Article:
Tuesday, April 21, 2009

Bully for male Cicadabird

Male Cicadabird (Coracina tenuirostris) popped suddenly into view today and tormented me for the next 30 minutes by sticking almost entirely to deeply shaded upper reaches of trees in a small grove near the first Tyto lagoon. My cause wasn't helped by a Spangled Drongo determined - as they so often are - to bully the newcomer.

Cicadabirds seldom show up here in pairs. Males are rarely seen, but one or two females can often be found in the cooler months. Some of the birds are breeding migrants in southeast Australia and winter in the north and up into Papua New-Guinea, others are sedentary across the Top End. In my experience only birds in the south sound anything like a cicada.

Catch of the day definitely goes to this Black-necked Stork (Ephippiorhynchus asiaticus). Even from afar the fish dangling from the huge bill was impressive. But the head was gobbled down before I got close enough for the picture. Interesting butchery technique. The bird dropped the fish on the ground and stabbed violently at it. Rough shaking followed. Thus one large fish (species unknown) became three great mouthfuls.

Offering itself as a possible mouthful, a sneaky Pacific Black Duck tries the 'broken wing' splash and dash as it seeks to draw me away from (unsuspected) nest or ducklings hidden in a patch of flooded grass. Just as well most predators are not alert to such giveaway signals. Instincts are not all they're cracked up to be!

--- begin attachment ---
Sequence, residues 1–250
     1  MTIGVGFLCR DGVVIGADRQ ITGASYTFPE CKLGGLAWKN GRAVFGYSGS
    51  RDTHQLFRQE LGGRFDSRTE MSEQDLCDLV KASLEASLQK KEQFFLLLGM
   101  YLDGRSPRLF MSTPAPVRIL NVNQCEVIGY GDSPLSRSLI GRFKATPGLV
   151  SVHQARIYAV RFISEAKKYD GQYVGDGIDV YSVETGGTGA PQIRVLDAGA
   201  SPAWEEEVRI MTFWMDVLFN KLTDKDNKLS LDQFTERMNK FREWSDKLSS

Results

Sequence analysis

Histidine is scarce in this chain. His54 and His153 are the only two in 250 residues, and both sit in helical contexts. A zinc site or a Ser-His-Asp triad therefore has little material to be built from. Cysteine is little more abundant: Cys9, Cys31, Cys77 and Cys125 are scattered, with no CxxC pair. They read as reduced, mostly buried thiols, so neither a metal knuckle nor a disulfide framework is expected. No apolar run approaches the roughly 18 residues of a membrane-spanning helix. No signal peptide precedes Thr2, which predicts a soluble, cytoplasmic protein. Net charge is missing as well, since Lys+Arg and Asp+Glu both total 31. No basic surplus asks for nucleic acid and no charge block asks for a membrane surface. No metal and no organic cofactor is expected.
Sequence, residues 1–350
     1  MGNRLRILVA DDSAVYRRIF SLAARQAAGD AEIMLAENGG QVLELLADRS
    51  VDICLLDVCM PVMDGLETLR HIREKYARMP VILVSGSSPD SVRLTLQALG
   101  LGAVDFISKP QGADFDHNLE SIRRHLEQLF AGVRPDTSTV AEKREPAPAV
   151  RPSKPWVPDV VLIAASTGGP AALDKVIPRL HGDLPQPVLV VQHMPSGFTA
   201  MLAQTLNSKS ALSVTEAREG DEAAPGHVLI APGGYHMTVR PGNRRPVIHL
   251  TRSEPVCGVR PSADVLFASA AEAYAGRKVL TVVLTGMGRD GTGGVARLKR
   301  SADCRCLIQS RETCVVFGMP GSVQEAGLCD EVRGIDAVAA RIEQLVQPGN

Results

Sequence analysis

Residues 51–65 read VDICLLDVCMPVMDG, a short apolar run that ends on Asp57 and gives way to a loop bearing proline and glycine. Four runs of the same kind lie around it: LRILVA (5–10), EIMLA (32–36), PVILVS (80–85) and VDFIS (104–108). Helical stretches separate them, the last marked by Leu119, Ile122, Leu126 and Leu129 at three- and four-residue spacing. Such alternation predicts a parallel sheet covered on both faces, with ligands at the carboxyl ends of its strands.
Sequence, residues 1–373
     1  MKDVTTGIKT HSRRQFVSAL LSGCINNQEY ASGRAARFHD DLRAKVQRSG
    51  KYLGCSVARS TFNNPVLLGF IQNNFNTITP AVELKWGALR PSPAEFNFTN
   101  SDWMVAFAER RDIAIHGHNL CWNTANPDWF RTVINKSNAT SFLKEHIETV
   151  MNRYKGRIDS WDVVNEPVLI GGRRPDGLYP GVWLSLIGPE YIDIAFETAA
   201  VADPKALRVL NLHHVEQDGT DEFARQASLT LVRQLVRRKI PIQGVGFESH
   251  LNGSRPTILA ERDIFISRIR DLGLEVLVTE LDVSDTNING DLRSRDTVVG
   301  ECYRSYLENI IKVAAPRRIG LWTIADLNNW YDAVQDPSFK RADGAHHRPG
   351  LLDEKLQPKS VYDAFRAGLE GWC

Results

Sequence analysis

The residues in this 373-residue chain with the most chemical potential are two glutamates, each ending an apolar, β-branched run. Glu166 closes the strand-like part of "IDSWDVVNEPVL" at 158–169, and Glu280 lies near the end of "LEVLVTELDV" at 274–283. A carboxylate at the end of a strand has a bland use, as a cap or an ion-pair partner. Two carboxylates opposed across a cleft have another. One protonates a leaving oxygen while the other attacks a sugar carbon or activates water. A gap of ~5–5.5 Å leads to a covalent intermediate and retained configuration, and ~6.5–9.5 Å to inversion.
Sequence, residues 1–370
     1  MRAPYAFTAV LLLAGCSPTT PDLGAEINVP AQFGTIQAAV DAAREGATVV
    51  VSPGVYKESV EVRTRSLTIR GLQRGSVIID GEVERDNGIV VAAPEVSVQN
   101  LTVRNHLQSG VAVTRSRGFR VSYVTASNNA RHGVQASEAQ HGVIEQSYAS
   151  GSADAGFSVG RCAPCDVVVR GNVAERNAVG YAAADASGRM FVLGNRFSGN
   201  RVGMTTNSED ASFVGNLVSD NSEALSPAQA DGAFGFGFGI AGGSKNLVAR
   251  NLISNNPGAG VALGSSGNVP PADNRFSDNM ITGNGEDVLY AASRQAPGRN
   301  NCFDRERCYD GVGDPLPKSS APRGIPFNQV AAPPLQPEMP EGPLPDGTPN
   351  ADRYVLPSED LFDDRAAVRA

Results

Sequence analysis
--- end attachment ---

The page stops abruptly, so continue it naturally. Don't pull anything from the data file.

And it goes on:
mick said...

All great photos again - of course! What a huge fish for that Black-necked Stork. Hope the size of the mouthfuls didn't give it a tummy-ache!

Snail said...

My goodness, that jabiru certainly hit paydirt!

(I've resolved to stop calling them jabirus when the mammal people drop the name 'bandicoot'.)

Tyto Tony said...

Hi Mick: Don't think tummy ache worries many birds.

Hi Snail; They always go in my notebook as Jabirus. I'd be resolutely for it if were Aboriginal and not South American. (I've ranted in the past on the disrespect in Australia toward indigenous names. Lost cause, I'm afraid.)

Denis Wilson said...

Hi Tony
I didn't know that "Jabiru" was a borrowed name. Shame about that.
Great feed for that bird, anyway. I wonder if it had disposed of a lot of spines before eating the meaty bits?

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